Intraspecific divergences were greater than 2% in just six of the 244 named species represented by two or more specimens. Even including these six taxa with deep intraspecific divergence, conspecific divergence was always less than the NN distance. This result mirrors that from other large-scale analyses on Lepidoptera [53]. For example, Hebert et al. [54] found that only 9 of 1327 species from eastern North America showed intraspecific divergences above 1.5%. Another study which examined 1004 species from two distant European sites (1600 km apart) found that most (88%) of the shared species showed less than 2% maximum divergence [25].

The BIN system supported the genetic distinctiveness of the moth species from Pakistan as it assigned the 379 identified species to 382 BINs, mirroring results for the butterflies of this nation as 79 of 81 species were assigned to a unique BIN [27]. Similar congruence between BINs and morphological species has also been established in other studies on Lepidoptera [26]. For example, 90% of 92 Gelechiinae species from Finland [55] and 94% of 286 species of tiger moths from Brazil [22] were congruent with BINs. A similar pattern was reported for 3514 species of central European beetles as there was a 92% correspondence between morphospecies and BINs [56].

The integration of sequences from Pakistan with those from conspecifics from other regions substantially increased the frequency of deep sequence divergence; 89 species showed more than 2% intraspecific (maximum) distance and BIN splits were detected in 84 species. In fact, intraspecific divergence reached 16.7% in Coleophora trifolii, while specimens of Glyphodes onychinalis were assigned to six BINs. Prior studies have also reported cases of high intraspecific divergence and resultant BIN splits in Lepidoptera [57,58]. For example, 8% of the 1541 species of Noctuoidea analyzed from sites across Canada showed >2% intraspecific divergence and a similar incidence of BIN splits [13]. Likewise, 12.4% of European lepidopterans (124/1004) possessed more than 2% sequence divergence at COI [25]. Such cases may often reflect overlooked cryptic species [36], or simply misidentifications but this can only be confirmed by detailed taxonomic studies [59]. The coupling of cryptic species complexes with the prevalence of misidentified specimens represent important barriers to the analysis of species overlap at larger geographic scales.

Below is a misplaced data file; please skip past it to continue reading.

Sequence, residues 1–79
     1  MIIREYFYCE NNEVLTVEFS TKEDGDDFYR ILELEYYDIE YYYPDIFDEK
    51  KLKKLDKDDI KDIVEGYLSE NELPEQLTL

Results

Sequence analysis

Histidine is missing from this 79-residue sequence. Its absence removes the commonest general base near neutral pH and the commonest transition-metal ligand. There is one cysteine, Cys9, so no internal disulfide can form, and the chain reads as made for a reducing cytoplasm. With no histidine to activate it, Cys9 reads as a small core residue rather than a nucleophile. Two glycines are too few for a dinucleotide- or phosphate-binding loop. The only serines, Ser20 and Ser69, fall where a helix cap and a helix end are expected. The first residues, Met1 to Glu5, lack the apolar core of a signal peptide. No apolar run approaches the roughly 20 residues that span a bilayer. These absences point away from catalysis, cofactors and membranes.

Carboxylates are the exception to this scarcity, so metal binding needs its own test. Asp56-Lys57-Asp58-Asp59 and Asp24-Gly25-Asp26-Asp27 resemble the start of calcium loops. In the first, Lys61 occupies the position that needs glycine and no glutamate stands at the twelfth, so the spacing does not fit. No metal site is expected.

Prior barcode studies have also revealed cases where different species show such low divergence that they are assigned to the same BIN [13,25,26]. In the present study, just two species pairs, Hyles chuviliniH. stroehlei and Hippotion boerhaviaeH. rosetta, fell into this category. By comparison, Zahiri et al. [13] found that 21 species of 1541 Canadian noctuoid species shared their BIN with at least one other species, while Huemer et al. [25] found that 16 of 1004 lepidopteran species in Europe shared the BINs.